Tax issues on 2015 election campaign

Here the four main parties’ record and pledges about taxes as the 2015 election campaign begins:

Family tax cut

Conservatives: introduced the Family tax cut credit that allows couples with children under age 18 to split up to $50,000 of income; caps non-refundable benefit at $2,000.

NDP: will cancel government’s income-splitting policy for families; says it helps only wealthiest 15 per cent.

Liberals: will cancel government’s income-splitting policy for families; they calls it “a $2-billion tax break to the top 15 per cent of Canadians”.

Tax-free savings account (TFSA)

Conservatives: increased annual contribution limit for tax-free savings account (TFSA) to $10,000 from $5,500.

NDP: will cancel TFSA increase to $10,000; says higher amount helps the wealthy and does little for the middle-class.

Liberals: will reverse changes to TFSA contribution limits; says it helps well-off Canadians who need it the least.

Universal Child Care Benefit and Canada Child Benefit

Conservatives: increased Universal Child Care Benefit (UCCB) to $160 a month for children under age six, up from $100; added new monthly benefit of $60 for children age six to 17.

NDP: will honor the expanded Universal Child Care Benefit.

Liberals: will introduce a new income-tested, tax-free monthly Canada Child Benefit that would boost payments to all families with children and annual income below $150,000.

Corporate tax rate

Conservatives: have reduced corporate tax rate from 22 per cent to 15 per cent. Reduced small-business tax rate to 9 percent from current 11 per cent by 2019.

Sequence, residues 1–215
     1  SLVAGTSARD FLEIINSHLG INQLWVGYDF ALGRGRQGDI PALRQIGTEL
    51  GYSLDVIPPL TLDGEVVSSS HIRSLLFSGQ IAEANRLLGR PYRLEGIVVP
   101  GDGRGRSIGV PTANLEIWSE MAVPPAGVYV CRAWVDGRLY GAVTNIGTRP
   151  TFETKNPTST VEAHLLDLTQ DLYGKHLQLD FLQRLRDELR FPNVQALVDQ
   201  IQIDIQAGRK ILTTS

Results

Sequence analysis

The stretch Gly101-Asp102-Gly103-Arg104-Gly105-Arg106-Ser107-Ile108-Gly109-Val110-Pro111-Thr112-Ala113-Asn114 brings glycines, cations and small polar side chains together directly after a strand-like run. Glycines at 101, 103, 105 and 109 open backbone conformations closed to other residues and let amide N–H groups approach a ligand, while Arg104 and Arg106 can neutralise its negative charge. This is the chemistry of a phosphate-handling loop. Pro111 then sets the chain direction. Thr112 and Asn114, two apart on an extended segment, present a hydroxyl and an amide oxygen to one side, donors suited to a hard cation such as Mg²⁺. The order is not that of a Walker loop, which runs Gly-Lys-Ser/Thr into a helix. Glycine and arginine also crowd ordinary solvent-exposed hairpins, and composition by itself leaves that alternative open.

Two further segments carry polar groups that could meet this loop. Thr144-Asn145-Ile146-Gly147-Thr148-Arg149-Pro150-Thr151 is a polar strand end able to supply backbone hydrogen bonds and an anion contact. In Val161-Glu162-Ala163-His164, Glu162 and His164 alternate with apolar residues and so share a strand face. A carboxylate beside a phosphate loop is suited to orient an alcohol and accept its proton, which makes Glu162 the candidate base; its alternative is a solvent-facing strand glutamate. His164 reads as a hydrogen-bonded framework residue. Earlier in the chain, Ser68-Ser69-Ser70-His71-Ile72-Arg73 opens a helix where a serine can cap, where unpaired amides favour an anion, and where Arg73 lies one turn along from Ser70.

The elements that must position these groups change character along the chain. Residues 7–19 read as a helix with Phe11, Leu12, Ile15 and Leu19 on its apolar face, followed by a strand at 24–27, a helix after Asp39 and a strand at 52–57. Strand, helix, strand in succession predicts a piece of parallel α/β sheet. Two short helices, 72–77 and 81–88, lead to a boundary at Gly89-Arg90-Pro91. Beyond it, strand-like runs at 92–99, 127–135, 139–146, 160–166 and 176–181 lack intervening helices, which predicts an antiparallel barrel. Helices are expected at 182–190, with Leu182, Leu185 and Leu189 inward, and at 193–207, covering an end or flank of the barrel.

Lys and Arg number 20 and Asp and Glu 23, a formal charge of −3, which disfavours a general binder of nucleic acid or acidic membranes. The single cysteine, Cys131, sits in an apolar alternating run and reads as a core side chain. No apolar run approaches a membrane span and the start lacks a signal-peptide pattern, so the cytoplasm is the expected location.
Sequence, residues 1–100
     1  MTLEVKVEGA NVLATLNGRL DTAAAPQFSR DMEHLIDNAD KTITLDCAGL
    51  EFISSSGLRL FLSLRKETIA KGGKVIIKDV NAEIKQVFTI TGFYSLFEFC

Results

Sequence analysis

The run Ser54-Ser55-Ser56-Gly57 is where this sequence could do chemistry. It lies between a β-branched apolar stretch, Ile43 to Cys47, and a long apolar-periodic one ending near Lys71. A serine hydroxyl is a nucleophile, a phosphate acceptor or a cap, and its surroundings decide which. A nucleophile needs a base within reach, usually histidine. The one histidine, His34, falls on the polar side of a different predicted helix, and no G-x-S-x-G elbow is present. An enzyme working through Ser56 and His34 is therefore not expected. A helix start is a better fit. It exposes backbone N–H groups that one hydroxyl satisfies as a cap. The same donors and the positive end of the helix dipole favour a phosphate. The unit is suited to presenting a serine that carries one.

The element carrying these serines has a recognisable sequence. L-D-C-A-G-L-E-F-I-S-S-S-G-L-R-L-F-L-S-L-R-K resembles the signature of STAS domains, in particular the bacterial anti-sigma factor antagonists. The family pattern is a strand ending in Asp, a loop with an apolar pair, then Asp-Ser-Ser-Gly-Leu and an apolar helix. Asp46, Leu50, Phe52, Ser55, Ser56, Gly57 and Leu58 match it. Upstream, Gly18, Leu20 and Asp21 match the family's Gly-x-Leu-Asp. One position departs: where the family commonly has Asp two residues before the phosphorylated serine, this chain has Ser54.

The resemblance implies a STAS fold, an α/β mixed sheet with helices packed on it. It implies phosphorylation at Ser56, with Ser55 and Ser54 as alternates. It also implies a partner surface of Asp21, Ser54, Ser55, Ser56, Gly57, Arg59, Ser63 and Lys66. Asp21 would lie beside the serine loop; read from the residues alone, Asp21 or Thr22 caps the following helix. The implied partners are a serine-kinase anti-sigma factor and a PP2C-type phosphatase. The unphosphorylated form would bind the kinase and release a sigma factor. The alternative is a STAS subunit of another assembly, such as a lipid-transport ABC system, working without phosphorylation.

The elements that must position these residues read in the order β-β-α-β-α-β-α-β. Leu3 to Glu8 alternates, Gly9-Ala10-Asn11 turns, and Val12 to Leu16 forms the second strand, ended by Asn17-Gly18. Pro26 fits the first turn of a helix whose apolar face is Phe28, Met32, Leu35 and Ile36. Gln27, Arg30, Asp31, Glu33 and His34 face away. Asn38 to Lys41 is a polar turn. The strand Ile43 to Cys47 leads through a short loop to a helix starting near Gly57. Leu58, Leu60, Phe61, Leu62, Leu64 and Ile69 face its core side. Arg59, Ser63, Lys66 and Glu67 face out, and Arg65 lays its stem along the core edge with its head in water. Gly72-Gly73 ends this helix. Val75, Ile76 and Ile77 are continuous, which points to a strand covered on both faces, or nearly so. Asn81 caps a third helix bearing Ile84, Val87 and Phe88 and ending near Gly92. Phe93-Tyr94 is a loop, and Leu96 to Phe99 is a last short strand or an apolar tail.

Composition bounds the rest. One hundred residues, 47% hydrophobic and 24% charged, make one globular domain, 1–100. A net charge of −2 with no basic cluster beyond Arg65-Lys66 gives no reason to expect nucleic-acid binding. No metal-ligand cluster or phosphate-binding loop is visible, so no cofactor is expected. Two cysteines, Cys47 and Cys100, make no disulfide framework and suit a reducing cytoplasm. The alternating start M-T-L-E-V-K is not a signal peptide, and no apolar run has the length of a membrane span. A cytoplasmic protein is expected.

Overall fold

NDP: will increase income tax rate on Canada’s largest corporations to about the levels that existed before the Conservatives took office. Cut small-business tax rate to 9 per cent from current 11 per cent.

Liberals: will retain tax breaks for small businesses but want to ensure this doesn’t primarily benefit the wealthy.

Greens: will cut small business tax rate to 9 percent by 2019. Will raise corporate taxes over four years from the current level of 15 per cent to 19 per cent.

Personal income tax

NDP: will not raise income tax rates.

Liberals:  will cut middle-class income tax bracket to 20.5% from current 22% and create a new tax bracket of 33% for annual incomes of more than $200,000.

Greens: will eliminate personal taxes on incomes below low-income cut-off of $20,000.

Canada Pension Plan

Conservatives: are exploring ways for Canadians to voluntarily contribute more to the Canada Pension Plan.

NDP: will increase Canada Pension Plan contributions and benefits for Canadians.

Liberals: will increase Canada Pension Plan contributions and benefits for Canadians.

Taxes on tobacco and alcohol

Greens: will work with provinces to increase taxes on tobacco and alcohol.